Religious traditions have long provided solace to believers in times of loss and mourning, but readers today may be in greater need than ever of spiritual guidance to process their grief, according to religion and spirituality publishers. As Red Wheel Weiser’s associate publisher Peter Turner points out, the Covid-19 pandemic has generated widespread feelings of sadness as news of deaths, economic crisis, and isolation dominates headlines. “Perhaps no time in our lives have we had to deal with such strong feelings of loss, fear, anxiety, and disorientation,” he says. “But—whether it’s the loss of a loved one, the grief brought on by feeling the suffering of those around us, or even just the lost sense of normalcy—grieving is a natural part of life.”
In November, RWW is publishing Opening to Grief: Finding Your Way from Loss to Peace by Claire B. Willis and Marnie Crawford Samuelson, who draw on 40 collective years of counseling the bereaved. The book aims to dismantle the idea that grief happens in predictable stages, instead showing readers how to grieve in their own ways. “There is no end run, or end point to grieving,” they write.
“When we first made plans to publish Opening to Grief, we had no idea how profoundly our lives would be changed by Covid-19,” Turner says, noting that a key message the book offers is “even in the midst of profound grief, there is hope.”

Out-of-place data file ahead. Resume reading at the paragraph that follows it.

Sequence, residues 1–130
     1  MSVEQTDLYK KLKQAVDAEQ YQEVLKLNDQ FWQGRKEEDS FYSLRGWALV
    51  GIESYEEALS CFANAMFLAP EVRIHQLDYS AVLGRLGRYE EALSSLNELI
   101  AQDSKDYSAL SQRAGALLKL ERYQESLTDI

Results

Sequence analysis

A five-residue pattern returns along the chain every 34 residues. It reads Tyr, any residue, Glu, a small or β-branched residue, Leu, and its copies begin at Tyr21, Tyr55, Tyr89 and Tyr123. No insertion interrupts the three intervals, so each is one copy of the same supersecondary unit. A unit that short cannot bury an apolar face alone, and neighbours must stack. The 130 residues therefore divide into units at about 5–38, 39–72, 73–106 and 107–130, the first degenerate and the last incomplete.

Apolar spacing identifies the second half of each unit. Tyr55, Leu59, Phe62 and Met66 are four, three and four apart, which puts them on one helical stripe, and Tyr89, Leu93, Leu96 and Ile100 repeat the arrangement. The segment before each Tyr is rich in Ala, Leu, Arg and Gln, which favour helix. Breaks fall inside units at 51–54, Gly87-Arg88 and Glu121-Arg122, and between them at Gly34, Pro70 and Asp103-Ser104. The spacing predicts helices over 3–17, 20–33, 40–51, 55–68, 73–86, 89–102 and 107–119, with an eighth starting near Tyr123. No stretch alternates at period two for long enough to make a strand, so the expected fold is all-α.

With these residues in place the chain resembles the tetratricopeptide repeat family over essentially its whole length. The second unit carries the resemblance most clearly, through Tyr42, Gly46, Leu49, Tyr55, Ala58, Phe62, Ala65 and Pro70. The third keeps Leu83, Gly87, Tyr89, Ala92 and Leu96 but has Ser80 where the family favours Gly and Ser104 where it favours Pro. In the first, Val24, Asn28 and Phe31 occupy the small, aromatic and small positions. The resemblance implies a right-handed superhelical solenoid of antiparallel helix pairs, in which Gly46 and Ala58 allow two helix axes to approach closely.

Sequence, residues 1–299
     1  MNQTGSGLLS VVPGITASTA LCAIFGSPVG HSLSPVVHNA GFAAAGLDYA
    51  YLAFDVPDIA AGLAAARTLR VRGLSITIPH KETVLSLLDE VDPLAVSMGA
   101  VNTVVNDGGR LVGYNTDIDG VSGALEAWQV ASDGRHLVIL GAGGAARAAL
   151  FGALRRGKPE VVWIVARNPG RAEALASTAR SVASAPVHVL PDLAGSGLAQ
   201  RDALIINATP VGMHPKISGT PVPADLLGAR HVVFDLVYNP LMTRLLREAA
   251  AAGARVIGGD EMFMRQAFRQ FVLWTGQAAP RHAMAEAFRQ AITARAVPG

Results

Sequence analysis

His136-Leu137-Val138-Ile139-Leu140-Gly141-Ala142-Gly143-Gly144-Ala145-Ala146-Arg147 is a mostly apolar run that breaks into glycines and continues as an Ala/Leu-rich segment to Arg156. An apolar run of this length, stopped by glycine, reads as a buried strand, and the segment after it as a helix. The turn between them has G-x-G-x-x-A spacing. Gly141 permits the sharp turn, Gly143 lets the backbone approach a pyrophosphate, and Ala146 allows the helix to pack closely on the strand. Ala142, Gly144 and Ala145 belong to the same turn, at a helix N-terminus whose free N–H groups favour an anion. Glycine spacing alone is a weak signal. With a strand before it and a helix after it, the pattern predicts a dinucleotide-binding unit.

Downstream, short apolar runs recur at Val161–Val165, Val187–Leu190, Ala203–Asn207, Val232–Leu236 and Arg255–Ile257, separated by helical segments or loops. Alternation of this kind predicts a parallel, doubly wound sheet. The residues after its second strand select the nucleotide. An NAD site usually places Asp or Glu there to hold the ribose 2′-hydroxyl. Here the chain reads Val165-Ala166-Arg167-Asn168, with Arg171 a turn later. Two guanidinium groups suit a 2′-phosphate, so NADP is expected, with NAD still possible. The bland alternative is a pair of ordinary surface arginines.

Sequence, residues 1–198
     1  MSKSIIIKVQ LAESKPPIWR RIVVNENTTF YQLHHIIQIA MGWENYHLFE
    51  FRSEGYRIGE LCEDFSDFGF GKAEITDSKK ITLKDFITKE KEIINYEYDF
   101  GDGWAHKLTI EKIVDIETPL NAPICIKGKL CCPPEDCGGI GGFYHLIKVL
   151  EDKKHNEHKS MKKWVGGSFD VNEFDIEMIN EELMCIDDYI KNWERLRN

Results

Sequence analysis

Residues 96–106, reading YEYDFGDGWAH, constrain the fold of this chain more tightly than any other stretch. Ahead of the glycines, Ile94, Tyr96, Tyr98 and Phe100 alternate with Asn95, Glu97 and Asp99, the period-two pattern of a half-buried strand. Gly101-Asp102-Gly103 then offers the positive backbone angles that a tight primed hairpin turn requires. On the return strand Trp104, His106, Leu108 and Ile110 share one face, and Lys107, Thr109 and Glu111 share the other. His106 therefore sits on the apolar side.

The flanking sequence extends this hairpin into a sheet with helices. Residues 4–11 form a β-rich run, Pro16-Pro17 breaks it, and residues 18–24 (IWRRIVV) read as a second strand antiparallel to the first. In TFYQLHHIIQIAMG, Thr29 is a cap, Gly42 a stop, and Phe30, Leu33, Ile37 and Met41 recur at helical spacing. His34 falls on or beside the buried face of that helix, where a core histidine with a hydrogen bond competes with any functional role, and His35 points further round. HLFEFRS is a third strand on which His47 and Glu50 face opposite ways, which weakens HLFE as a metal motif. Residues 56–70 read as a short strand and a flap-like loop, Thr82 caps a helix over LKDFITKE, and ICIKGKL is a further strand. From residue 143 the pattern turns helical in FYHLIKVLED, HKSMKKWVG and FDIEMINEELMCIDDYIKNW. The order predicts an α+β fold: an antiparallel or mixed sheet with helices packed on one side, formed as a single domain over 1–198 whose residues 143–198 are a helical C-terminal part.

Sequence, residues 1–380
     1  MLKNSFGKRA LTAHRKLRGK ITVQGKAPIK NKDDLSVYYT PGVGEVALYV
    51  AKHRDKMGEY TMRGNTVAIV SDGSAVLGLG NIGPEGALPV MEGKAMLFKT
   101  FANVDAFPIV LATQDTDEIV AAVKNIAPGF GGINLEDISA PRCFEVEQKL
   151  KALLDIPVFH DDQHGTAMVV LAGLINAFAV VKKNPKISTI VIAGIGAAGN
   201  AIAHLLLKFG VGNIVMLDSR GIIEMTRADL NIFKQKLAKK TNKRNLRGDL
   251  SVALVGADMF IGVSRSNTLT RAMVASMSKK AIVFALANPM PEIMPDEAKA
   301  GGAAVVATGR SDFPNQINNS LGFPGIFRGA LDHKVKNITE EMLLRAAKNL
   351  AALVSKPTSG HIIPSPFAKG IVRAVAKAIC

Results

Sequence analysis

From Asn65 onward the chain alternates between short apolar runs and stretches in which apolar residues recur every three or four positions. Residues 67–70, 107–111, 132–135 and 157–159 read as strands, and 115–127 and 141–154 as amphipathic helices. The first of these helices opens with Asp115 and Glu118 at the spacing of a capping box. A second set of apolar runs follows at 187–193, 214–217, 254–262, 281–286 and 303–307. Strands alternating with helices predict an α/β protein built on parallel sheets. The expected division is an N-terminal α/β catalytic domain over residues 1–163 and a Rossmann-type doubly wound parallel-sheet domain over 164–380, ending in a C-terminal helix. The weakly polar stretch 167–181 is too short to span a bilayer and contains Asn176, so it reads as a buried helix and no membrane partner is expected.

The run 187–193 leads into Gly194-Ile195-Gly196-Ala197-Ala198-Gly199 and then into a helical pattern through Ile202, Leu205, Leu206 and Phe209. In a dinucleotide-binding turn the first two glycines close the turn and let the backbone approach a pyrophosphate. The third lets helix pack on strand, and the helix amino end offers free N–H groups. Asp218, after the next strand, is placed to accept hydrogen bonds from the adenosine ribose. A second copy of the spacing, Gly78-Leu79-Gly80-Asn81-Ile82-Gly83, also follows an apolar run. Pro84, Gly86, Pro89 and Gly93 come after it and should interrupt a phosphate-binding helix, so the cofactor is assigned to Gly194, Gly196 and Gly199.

Grief and tragedy are universal, making books on how to cope indispensable, according to IVP senior editor Al Hsu. “All of us will experience tragedy at some point, just because we’re human,” he says. “So it’s important for publishers to provide resources to help readers grapple with realities like bereavement or chronic illness. Such books help readers work through pain, avoid denial, and experience healing and comfort.”
In July IVP is publishing A Chronicle of Grief: Finding Life After Traumatic Loss, in which author and pastor Mel Lawrenz describes the sudden death of his 30-year-old daughter. In addition to exploring the pain and uncertainty he and his family experienced after the tragedy, the book demonstrates how to prioritize love and life, according to the publisher. Lawrenz is also the author of Leadership Today and Life After Grief.
In another account of the loss of a child, baseball Hall of Famer Rod Carew draws on the death of his 17-year-old daughter Michelle from cancer in One Tough Out: Fighting Off Life’s Curveballs (Triumph, out now), written with Jaime Aron. “Michelle’s death transformed me, but not in the ways people would expect,” Carew notes in the book. “I didn’t question my faith. I reaffirmed it. Instead of shutting out the world, I opened myself to it.”
Explaining why she acquired One Tough Out, Michelle Bruton, editor at Triumph, says, “What makes Rod Carew’s story so compelling is that, more than recounting the glory days of his 3,000th hit or American League MVP Award, he wanted to share the struggles of his personal life unknown to many fans.”
Also addressing life’s unexpected challenges, pastor Jennie Lusko shares the story of her daughter Lenya’s passing in The Fight to Flourish: Engaging in the Struggle to Cultivate the Life You Were Born to Live (W, out now). Lusko explains how her daughter’s death drew her closer to God and encourages women to embrace the good and bad in life, or what she calls “the sacred space of pain and promise.”
She writes in the first chapter, “Maybe you didn’t plan to be here in this place, in this pain, predicament, or even this platform, but it’s not an accident. God has called you uniquely for this situation, right here, right now. Whatever you are facing as you read these words, my hope is for you to be confident that you were born for this very fight. And you were born to flourish in it.”
A new way to grieve